IRELAND - The 30 largest publicly traded companies in Ireland reduced their pension deficits by €2bn ($2.7bn) in 2010 to €24bn after at least half made changes to promised pension benefits but average deficits continue to outpace market capitalisations, a report by LCP Ireland finds.
LCP said in some cases, companies have implemented significant benefit reductions to bring down costs. However, pension funding is still in the red, with the average deficit running at 17% of market capitalisation.
The consultancy also found that the market capitalisation of the three largest Irish banks - Allied Irish Bank, Bank of Ireland and Irish Life and Permanent - "is so dwarfed by their pension liabilities that it will inevitably be a significant factor for any planned corporate transactions such as mergers, take-overs, acquisitions and planned growth".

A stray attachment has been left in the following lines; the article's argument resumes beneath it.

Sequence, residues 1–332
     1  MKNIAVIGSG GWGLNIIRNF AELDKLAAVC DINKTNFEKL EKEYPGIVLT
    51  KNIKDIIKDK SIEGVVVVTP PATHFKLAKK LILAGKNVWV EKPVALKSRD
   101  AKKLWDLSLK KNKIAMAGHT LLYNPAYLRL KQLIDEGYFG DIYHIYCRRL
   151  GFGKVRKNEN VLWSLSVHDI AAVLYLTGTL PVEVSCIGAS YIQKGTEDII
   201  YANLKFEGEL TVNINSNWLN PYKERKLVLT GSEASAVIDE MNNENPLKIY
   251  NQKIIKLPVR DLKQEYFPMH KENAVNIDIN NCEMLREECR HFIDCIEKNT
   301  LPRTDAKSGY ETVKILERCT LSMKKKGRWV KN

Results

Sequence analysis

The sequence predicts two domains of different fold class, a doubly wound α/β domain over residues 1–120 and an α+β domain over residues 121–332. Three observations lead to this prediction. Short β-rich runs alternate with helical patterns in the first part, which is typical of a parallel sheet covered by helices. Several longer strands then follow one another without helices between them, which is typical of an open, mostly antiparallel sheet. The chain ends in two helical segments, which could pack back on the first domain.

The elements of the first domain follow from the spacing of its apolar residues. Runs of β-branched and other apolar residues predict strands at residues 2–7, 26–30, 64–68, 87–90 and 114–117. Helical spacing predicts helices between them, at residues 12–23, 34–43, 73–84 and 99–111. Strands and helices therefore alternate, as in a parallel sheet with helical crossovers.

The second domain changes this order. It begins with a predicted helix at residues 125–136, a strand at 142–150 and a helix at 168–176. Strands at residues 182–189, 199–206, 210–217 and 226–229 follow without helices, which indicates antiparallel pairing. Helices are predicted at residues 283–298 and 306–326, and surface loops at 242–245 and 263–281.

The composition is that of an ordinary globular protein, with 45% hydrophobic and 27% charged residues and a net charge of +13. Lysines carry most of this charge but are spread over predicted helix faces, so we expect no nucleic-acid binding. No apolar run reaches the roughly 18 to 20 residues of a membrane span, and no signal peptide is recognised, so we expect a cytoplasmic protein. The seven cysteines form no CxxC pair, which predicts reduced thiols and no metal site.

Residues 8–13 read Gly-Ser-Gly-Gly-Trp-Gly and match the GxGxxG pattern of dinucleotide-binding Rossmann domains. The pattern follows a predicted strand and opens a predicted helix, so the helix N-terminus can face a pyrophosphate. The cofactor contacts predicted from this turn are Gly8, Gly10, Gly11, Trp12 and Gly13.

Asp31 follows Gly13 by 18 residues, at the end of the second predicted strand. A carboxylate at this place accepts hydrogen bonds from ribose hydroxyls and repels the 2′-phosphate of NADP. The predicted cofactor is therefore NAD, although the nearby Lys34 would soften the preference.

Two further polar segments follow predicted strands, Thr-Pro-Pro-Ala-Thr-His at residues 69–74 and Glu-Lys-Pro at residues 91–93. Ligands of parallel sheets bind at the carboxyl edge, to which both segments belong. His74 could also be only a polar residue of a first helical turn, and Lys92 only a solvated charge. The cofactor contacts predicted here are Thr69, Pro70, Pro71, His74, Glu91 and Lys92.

The firm said AIB's pension liabilities stood at more than 12 times its market capitalisation at the end of 2010.
Meanwhile, contributions paid in 2010 are on average 2.8 times the cost of the year's pension accruals.
Conor Daly, partner at LCP Ireland said: "The report shows that the scale of pension liabilities continues to pose a significant challenge for many of Ireland's top companies. Contributions remain at very high levels despite the economic downturn. However, it is also clear that an increasing number of companies are seeking to share the burden of meeting these liabilities with the membership through various forms of benefit reductions. This is a trend we expect to see continue."
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